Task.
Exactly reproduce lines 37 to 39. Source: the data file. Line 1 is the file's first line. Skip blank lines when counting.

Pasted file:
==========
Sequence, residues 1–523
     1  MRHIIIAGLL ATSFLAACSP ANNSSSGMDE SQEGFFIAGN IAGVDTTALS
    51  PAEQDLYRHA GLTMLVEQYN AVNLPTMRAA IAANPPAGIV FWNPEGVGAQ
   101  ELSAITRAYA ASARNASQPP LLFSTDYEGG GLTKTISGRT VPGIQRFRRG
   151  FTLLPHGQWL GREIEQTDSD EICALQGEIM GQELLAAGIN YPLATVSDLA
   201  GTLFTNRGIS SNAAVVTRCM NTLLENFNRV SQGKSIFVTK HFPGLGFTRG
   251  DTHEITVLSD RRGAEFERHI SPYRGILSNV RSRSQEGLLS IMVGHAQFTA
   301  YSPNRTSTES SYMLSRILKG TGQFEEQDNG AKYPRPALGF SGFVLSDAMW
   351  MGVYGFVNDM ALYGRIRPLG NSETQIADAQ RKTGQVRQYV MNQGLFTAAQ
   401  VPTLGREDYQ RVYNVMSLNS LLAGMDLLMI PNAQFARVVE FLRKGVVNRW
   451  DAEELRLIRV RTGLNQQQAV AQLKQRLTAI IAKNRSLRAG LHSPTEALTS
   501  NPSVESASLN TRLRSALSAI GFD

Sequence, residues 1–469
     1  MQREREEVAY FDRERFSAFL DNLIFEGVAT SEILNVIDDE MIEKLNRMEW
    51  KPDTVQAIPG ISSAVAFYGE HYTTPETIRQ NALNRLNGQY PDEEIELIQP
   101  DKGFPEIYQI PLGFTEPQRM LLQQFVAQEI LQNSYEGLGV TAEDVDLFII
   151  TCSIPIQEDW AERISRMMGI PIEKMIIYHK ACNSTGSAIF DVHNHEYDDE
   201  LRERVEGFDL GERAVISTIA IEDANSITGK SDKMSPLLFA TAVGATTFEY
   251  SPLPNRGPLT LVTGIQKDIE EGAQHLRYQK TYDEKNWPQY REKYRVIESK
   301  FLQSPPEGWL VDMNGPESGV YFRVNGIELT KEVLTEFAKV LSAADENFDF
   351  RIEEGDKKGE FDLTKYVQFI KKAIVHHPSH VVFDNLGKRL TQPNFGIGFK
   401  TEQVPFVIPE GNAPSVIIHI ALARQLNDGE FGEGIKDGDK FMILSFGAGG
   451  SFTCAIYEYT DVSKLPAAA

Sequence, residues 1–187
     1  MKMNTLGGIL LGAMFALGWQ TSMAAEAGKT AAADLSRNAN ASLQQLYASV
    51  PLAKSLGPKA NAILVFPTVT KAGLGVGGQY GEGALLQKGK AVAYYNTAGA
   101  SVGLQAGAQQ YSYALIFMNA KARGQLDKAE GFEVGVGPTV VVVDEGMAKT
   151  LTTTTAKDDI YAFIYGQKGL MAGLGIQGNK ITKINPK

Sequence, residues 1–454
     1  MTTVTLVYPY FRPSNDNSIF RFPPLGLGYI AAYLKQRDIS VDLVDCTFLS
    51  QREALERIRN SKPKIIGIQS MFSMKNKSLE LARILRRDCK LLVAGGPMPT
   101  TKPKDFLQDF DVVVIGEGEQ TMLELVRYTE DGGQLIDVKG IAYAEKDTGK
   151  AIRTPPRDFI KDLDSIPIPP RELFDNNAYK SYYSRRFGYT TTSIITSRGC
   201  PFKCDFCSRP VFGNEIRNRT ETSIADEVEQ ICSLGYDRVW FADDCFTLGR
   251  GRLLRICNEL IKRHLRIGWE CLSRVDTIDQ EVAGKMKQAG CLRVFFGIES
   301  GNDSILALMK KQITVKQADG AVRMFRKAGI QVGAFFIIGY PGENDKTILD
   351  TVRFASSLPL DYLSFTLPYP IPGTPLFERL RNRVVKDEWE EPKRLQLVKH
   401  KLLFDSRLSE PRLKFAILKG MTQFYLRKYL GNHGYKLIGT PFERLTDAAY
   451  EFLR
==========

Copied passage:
   351  TVRFASSLPL DYLSFTLPYP IPGTPLFERL RNRVVKDEWE EPKRLQLVKH
   401  KLLFDSRLSE PRLKFAILKG MTQFYLRKYL GNHGYKLIGT PFERLTDAAY
   451  EFLR